Plating can indeed express the pure joy and beauty of food – it elevates food to a pedestal. A thoughtful presentation pays homage to the ingredients on the plate if done well, but sometimes a display can detract from the essence of the food itself which is nourishment, a sustainer for life, an integral and necessary substance for our very survival. So, while I appreciate and enjoy the virtuosity of plating, I also appreciate the beauty of a flavorful bowl of lentils with no presentation whose satisfaction lies solely in the human that is sustained by its presence.
My draw to the craftsmanship of food presentation is also tempered when I read about local and global hunger and the people working so hard to feed other people – and these emotional stories are never about the presentation of food. It’s plainly about the preservation of the human race.
One of the most fascinating efforts on planet earth to feed the masses occurs daily at the Golden Temple in Amritsar, India, the central religious place of the Sikh faith. Every day the golden temple feeds 50,000 to 100,000 people and even more on religious days. It is the largest free kitchen in the world. Built in 1577 around a holy pond, it is a place where all who seek spiritual solace and religious fulfillment are welcome. The four entrances of this shrine are from all four directions signifying that people belonging to every walk of life are welcome. Free meals are served to everyone regardless of cast, creed, religion, gender, or nationality. If you are human, you are welcome.
The temple is clean and very well organized. All who enter must have a head covering, wash their hands, remove shoes and wash their feet. Paid workers and volunteers by the hundreds work tirelessly 23 and a half hours a day to keep the food coming. Meals are always vegetarian and vary depending upon donations and availabilities of certain foods. Meals of seasoned kidney beans, lentils, potatoes and vegetables, aromatic rice pudding, and chapati bread lathered with ghee are served on stainless steel plates by ladle while men, women and children from all walks of life sit side by side on the floor in rows. In this case presentation is not important, but nourishment is.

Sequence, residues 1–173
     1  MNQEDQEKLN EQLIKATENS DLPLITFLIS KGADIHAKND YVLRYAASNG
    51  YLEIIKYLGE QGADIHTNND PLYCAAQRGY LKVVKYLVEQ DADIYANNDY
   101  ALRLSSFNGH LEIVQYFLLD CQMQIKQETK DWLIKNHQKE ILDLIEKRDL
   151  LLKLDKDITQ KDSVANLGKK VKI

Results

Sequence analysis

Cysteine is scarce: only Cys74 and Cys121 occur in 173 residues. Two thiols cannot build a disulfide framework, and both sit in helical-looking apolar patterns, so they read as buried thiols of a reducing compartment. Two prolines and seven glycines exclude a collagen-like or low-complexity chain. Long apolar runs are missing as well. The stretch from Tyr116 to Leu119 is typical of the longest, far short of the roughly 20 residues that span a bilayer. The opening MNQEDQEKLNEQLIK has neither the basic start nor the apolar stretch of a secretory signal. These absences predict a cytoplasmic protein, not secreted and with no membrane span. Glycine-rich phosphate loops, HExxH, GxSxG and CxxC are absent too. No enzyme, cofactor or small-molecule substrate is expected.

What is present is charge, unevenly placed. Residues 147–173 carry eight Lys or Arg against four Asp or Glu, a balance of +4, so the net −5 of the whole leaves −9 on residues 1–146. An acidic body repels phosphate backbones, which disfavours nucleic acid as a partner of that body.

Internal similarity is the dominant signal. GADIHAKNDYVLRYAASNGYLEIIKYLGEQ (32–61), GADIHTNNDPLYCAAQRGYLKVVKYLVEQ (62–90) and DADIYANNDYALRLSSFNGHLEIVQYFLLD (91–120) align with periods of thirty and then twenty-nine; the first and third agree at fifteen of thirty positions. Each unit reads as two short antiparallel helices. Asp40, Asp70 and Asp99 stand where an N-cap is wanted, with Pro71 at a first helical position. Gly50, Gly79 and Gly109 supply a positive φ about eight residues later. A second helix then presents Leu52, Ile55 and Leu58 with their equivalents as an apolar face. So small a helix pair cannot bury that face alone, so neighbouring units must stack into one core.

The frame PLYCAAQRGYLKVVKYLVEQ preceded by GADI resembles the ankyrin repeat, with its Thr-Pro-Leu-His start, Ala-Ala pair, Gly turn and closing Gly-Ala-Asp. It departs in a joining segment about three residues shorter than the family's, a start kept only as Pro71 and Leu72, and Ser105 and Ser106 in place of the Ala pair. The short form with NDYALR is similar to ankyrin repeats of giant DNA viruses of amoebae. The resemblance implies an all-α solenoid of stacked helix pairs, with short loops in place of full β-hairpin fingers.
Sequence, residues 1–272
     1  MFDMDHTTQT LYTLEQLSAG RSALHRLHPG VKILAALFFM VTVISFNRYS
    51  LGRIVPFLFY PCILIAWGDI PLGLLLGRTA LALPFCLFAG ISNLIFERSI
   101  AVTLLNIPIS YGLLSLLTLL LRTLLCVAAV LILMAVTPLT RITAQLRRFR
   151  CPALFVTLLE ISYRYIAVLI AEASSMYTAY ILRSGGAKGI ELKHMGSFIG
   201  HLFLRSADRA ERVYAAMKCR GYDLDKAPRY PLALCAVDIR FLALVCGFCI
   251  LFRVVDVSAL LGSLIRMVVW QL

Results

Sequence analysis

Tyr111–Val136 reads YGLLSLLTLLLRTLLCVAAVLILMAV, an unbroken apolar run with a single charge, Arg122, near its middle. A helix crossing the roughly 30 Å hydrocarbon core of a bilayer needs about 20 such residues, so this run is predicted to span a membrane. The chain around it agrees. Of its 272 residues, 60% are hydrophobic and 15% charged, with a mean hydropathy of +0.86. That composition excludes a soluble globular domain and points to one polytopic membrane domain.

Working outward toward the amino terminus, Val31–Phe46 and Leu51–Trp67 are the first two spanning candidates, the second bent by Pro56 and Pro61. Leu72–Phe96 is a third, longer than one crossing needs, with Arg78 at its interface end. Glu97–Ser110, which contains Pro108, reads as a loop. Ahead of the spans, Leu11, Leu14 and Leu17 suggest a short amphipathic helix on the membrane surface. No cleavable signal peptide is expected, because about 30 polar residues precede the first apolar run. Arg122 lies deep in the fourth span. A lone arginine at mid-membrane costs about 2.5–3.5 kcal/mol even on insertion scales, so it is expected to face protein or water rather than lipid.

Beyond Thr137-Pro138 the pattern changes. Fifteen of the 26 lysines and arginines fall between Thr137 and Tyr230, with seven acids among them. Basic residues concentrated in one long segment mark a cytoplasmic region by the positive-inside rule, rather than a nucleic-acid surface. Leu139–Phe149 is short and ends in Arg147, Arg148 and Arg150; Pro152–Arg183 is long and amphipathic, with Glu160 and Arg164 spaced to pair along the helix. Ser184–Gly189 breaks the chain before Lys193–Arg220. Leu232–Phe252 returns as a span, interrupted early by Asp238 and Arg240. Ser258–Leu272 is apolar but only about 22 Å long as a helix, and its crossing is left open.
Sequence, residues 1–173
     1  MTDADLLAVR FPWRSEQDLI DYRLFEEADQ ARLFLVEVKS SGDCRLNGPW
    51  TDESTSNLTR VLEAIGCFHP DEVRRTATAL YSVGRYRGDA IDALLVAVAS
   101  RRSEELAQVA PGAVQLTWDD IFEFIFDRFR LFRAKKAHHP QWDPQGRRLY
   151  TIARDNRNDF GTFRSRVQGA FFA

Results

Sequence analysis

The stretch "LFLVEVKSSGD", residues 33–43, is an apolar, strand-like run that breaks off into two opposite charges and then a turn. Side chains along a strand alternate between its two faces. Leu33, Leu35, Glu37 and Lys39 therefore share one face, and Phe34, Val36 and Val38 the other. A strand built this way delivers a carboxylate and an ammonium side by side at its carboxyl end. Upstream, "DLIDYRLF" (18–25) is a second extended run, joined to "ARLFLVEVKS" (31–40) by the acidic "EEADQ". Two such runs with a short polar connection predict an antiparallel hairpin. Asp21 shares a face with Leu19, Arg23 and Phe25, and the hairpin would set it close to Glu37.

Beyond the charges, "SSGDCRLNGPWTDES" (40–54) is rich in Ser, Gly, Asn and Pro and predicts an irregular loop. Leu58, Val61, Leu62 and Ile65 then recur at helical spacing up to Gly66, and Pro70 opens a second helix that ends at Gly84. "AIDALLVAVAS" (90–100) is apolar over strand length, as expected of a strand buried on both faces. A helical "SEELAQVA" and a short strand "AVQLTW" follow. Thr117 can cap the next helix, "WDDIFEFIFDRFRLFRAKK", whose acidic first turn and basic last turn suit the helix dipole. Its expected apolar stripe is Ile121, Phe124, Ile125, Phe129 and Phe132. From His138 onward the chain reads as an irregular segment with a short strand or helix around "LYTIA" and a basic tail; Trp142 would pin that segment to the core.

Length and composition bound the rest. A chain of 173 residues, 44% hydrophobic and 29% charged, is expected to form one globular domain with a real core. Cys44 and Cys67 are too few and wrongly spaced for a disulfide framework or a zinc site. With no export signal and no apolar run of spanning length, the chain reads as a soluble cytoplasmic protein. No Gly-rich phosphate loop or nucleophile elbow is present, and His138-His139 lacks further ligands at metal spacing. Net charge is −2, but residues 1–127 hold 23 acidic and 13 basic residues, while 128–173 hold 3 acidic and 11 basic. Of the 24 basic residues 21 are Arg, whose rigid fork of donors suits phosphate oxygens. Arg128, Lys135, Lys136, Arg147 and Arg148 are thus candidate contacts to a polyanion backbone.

Most days I really enjoy picking out the perfect piece of garnish from my garden to accent a plate. Most days, laboring over wild mushroom demi-glaze couldn’t be a more perfect addition to a thin sliced piece of beef tenderloin. However, some days satiety takes precedence over jazziness and humble, simple ingredients just feel good inside, like an old fuzzy well-loved blanket. There is elegance in elaborate dishes, but there is also the unassuming dignity of a simple, tasty modest meal. Sometimes culinary artillery seems unnecessary, frivolous, and downright pretentious. On those days, you will find me on the couch, in my faded blue jeans enjoying a bowl of warm homemade soup in a Corningware bowl. It is at these moments I remind myself – for those who are hungry, a full belly is more beautiful than anything extravagant anyone could ever conjure up.
Cathy Schmidt writes from Trappe where she and her husband Chef Brian Schmidt own Garden and Garnish Catering. A food explorer, Cathy loves to garden and cook from scratch.
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The largest free kitchen in the world:
Plato said it best: “Beauty lies in the eyes of the beholder.”